Thursday, March 3, 2011

New York in Bloom 2011, part two

As promised, here are more images from New York in Bloom, the annual fundraiser that benefits the New York State Museum's after-school programs. I'm a big fan of New York in Bloom -- it's a sure sign that spring is on its way -- but I'm an even bigger fan of the programs, which have a dramatic impact on the lives of children and teenagers from low-income families. Approximately 4,000 young people have been served by the Museum Club (ages 8-13) and the Discovery Squad (ages 14-18). Every enrollee receives intensive academic support (adults help Discovery Squad members, and Discovery Squad members earn a small stipend for tutoring Museum Club members), goes on educational field trips, and does a lot of hands-on learning using the Museum's collections, and the teens get help preparing for the SAT and Regents exams, exploring careers, and visiting and applying to colleges. To date, every Discovery Squad student has graduated from high school, and 92 percent have been accepted to college.

All of the photographs in today's post were taken in the State Museum's permanent Adirondack Wilderness exhibit.

At the moment, a small section of the Adirondack Wilderness exhibit is devoted to abolitionist John Brown, who bought a farm in North Elba in 1949 and who is buried on the property. Perhaps not surprisingly, there were no arrangements placed anywhere near the panels describing Brown's life and actions or the handful of artifacts associated with Brown and his family; however, I found it interesting that most of the people who left comments in the notebook immediately beneath the panel asking whether Brown was a murderer or martyr were of the opinion that he was a martyr.

The section of the exhibit devoted to logging was home to many arrangements, including this small but arresting composition by Craig Walsh, Jr. of Fleurelite Floral Design. According to the placard next to the arrangement, Walsh used hala leaf, heliconia, crespida, echeverria, and calla lilies; however, I believe that birds of paradise were substituted for the lilies.

Cynthia Campbell of the Blue Creek Garden Club created a basket of gladioli, spider mums, bells of Ireland, hybrid lilies, daisy mums, seeded eucalyptus, salal leaves, amaranthus, and birch, curly willow, and red dogwood branches that simultaneously stands out from and fades into a mammoth black and white photograph of an Adirondack forest.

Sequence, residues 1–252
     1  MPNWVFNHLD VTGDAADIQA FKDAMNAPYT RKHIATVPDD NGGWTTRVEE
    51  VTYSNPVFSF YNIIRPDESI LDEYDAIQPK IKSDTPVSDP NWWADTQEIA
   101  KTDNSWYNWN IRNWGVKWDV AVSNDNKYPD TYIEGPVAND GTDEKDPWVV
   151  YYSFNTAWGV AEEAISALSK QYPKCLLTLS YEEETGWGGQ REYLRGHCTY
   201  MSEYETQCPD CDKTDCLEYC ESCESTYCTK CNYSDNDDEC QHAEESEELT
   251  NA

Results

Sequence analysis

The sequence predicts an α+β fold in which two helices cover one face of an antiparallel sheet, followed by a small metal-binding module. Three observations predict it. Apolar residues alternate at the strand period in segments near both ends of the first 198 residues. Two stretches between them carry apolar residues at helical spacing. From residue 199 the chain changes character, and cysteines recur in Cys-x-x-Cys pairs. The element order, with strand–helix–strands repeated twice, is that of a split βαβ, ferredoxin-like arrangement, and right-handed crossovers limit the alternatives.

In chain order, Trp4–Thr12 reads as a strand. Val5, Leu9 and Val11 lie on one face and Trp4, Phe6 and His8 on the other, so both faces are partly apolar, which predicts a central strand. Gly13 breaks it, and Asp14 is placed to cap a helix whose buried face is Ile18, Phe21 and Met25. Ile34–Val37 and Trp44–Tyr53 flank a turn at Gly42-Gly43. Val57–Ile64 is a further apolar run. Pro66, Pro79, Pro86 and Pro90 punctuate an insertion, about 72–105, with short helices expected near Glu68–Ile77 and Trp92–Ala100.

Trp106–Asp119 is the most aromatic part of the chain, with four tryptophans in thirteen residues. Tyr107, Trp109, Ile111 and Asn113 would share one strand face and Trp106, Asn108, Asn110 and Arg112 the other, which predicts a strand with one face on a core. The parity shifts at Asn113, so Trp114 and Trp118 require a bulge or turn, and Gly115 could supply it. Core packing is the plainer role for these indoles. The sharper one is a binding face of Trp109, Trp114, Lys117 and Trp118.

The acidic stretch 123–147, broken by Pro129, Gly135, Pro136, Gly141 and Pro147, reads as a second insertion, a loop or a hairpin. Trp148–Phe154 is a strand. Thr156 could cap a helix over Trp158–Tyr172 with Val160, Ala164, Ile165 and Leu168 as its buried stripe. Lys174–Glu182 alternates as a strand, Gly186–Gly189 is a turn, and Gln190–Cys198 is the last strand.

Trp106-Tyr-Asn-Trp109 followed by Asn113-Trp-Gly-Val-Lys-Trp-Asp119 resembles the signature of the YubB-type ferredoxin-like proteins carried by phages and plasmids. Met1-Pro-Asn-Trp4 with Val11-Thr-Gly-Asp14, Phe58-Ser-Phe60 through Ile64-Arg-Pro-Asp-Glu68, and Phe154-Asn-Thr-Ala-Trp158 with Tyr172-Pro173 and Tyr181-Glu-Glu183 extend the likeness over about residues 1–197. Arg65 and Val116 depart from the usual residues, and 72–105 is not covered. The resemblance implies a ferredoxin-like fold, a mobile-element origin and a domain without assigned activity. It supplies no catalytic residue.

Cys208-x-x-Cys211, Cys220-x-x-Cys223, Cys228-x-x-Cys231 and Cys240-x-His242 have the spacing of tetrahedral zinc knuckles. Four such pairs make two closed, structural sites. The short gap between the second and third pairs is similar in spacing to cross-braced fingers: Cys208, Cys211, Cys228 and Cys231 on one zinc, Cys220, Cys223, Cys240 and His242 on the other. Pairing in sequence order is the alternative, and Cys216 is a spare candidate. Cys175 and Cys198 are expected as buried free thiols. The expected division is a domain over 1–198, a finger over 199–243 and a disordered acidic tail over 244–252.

Two arrangements by Steve Dominiak of Surroundings Floral Studio complement rough-hewn men working with rough-hewn logs. They feature sunflowers, monte casino, pussy willow, aspidistra, cedar, galax leaves, and phimosa fern.

A better view of the second arrangement.

Simplicity can be compelling, as this detail of an arrangement created by Michael Harbison, Kyle Shiland, and Cindy Wood of the Bill Doran Company attests. Phalaenopsis orchids, reindeer moss, river rocks, glass bowls, a metal stand, and bamboo stakes are as arresting as the adjacent Adirondack fire tower.

Eryngium, leucodendron, liatris, acacia, green trick dianthus, spider mums, protea, and umbrella, sea star, and dingo ferns stand in front of the elk pond. This arrangement was created by June Keane of the Heritage Garden Club.

At top right, a Canada lynx. Front and center, an arrangement of pincushion protea, orange roses, yellow spray roses, preserved oak leaves, wheat, mugo pine, cedar, and mushrooms by independent floral designer Cynthia Weyl.

Larry LaMere of the Schenectady ARC created this arrangement of Gerbera daisies, tulips, lilies, spray roses, alstromeria, solidago, cedar, fir, and birch branches for the section of the exhibit relating to Adirondack geology.

A close-up of LaRose's work. Note the rocks along the edge of the planter.

This sweetly springlike composition by Holly Hemming of Felthausen's Florist is comprised of Gerbera daisies, snapdragons, yellow aster, tulips, lemon leaf, myrtle, pitisporum, birch branches, lemon grass, sheet moss, and Spanish moss.

Sophie Nagengast of Emil J. Nagengast Florist used sweet blackberry, African boxwood, foxtail, magnali, horsetail rush, curly willow, ornito, dendrobium orchids, Kilimanjaro Gerber daisies, hypericum, and French tulips to create this wintry arrangement set up in the hunting, fishing, and trapping segment of the exhibit.

Donald Bennett of White Cottage Gardens created one of my favorites: a simple, inviting arrangement of liatris, boxwood, heather, and iris.

Alas, none of my photographs do justice to this showy, fragrant beauty, which was also created by Donald Bennett. It consists of hydrangea, stargazer lilies, roses, pussy willow, quince, hyacinth, and dusty miller.

This sweet, understated arrangement, created by Jean Smith, sits in the section of the exhibit devoted to tuberculosis sanitariums. It consists of lilies, solidago, eryngium, ferns, greens, and birch branches.

Jean Smith and Cub Scout Pack 350 used solidago, pussy willow, monte casino, delphinium, daisies, and pittosporum to highlight Scouting activities in the Adirondacks.

Another favorite, created by Craig R. Waltz of Fleurelite Floral Design. This loon is swimming amid black pussy willow, curly willow, calla lilies, crespida, oncydium orchids, echeverria, and moss.


Craig Waltz said...

Thank you for your kind words (and excellent photos)of my exhibits in the Adirondack hall. In the exhibit by the sawmill, the Calla lilies are the three dark purple "Schwartzwalder" variety callas to the left side of the design. I inserted the yellow crespida into the center of the lilies to add a "touch of light" amidst the dark.

l'Archivista said...

Craig, thanks for the clarification. Until now, I simply assumed that Calla lilies came in a very limited range of colors (i.e., white and a few pastels). Those Schwartzwalders are stunning.